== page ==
Russia’s transition to a more democratic state – one that is once again perceived as a partner and not as a threat to Europe – is hardly conceivable without dismantling Putin’s authoritarian system. At the top, he himself, makes changes, if any at all, only in an ultra-conservative, even regressive direction. Should he remain in power until the end of his life, we can hardly expect any significant change in policy. Despite the war in Ukraine, with its many deaths and extensive destruction, Putin is convinced that he has done everything right and has no regrets, as the pro-government Nezavisimaya Gazeta puts it. Within the system, he is never criticised, the newspaper writes. The bureaucratic environment around him is completely conform to his own ideas.

Because of this complete loss of flexibility of the Putin system, some experts in the West and many Russian opposition figures are hoping for an upheaval that will flush the current Russian political establishment out of office. A scenario also frequently mentioned by experts is that a part of the elite, which suffers great disadvantages under the current situation, would ally itself with a dissatisfied populace for this purpose. In fact, among the Russian elite there are those who are incurring severe personal losses because of the sanctions or the war. This holds likewise for those who in the past have advised a more moderate government course, such as economic liberals close to the government or foreign policy experts who have no sympathy for the new right-wing ideology. Those people aren’t all gone now – they have just largely lost their influence. In fact, such an alliance of representatives of the system and the people is the only conceivable combination for a coup scenario, because a strong oppositional movement with an alternative leadership team does not exist. Parliaments all over the country consist only of allies of the system or its own people.

Conform inner circle and elite

If you read Western press articles, you can conclude that a fall of the system is imminent. ‘Power struggles in the Kremlin’ and ‘Putin at the end’ are the headlines of the last few months, which thereby foresee the imminent twilight. An entire wave of such assessments swept through the press at the time of the successful Ukrainian offensive in September, while the Russian army is far from defeated in the field. There is also no doubt that Putin would have to be overthrown in Russia itself – and not by the Ukrainian army, which, after all, is not planning to advance on Moscow. With every frank pronouncement from the Russian capital, journalists sense a split in the elite, and possibly even a sharpening of the knives. The desired scenario is that in an increasingly precarious situation, moderate forces around the leadership will eventually reject any reaction that comes with bloody harshness only and move on to those who want to overthrow the ever-harsher system.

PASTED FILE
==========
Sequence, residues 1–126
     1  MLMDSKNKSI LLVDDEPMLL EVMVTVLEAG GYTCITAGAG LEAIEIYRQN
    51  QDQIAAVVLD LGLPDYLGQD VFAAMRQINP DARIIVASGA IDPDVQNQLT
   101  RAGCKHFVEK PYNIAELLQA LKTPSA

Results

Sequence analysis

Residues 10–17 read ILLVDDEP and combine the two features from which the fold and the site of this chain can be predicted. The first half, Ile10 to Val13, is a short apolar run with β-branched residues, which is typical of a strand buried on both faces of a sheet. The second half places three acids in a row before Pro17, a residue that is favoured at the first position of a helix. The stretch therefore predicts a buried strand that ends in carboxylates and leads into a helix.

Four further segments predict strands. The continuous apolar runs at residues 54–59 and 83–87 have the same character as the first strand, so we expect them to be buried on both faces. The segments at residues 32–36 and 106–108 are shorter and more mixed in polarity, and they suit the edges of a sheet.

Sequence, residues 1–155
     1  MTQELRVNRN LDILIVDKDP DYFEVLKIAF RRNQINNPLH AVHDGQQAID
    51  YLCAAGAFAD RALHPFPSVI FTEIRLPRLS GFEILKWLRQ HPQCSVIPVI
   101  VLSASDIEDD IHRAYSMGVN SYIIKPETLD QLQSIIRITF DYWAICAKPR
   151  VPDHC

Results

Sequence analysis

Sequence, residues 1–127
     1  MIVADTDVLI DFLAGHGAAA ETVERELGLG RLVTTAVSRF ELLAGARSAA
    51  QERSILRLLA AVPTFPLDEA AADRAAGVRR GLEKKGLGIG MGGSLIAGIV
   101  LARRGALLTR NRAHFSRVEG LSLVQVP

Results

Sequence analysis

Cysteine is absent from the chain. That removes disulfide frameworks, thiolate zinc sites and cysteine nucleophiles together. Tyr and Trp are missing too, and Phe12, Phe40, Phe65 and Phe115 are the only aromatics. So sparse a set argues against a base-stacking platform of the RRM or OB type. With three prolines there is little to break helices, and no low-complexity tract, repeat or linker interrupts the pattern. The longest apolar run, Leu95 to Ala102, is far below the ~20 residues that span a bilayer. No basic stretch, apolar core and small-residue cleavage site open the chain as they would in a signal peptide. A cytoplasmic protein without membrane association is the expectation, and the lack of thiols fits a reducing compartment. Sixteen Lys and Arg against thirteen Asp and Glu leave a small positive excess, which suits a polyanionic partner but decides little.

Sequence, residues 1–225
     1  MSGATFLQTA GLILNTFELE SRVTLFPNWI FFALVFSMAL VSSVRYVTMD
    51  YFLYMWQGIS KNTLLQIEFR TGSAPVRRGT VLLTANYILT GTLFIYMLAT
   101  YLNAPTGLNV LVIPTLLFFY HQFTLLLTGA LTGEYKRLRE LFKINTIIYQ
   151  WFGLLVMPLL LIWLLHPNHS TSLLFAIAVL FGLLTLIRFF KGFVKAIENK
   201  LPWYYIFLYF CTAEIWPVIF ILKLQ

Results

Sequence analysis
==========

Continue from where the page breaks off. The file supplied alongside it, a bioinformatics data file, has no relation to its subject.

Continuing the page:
Russian experts, even those who have no sympathy for the rulers, are less optimistic in this regard. For example, political scientist Vladimir Gelman writes in an analysis that such a split in the elite would require a system in which there is collective leadership and several competing factions, such as in the late Soviet era in the Politburo. But, he says, that is not the case in Russia today. According to his observation, meetings of high-ranking government officials with Putin are currently limited to demonstrating approval for decisions made by Putin alone. Gelman sees no factions around the leadership, but rather temporary cliques in the power struggle around the central figurehead – with criticism, such as that from the war hardliners Yevgeny Prigozhin and Ramzan Kadyrov at their own Ministry of Defence, being episodes in the battle over distribution of power.

The penalties for disloyalty in Russia are harsh. Even as a minister you can land straightaway in a Siberian prison.

It is precisely such critical public remarks that the West likes to perceive as a symptom of a shattered power elite or even dissatisfaction with Putin himself in the entourage surrounding him. However, people like Kadyrov or Prigozhin are not actors in an independent faction who would be able to chip away at the authority of Putin. Long-time Russia journalist Maxim Kireev aptly describes their situation when he notes that neither possesses any independent source of income and would rather lock Putin up in the Kremlin than overthrow him. They fulfil a specific function in favour of the system: as figures of identification for radical supporters of the system, for whom even Russia’s brutal warfare in Ukraine appears to be ‘too lax’.